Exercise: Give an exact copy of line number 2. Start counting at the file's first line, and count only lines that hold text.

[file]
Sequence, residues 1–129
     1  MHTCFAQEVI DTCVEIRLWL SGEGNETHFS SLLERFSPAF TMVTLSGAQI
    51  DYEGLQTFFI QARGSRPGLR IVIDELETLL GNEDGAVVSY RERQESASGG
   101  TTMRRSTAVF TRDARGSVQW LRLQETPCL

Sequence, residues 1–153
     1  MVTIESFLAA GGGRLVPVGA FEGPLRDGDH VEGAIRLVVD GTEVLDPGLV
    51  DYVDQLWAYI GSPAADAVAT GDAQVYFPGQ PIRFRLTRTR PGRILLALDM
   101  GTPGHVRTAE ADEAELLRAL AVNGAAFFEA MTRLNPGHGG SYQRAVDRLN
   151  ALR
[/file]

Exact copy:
     1  MHTCFAQEVI DTCVEIRLWL SGEGNETHFS SLLERFSPAF TMVTLSGAQI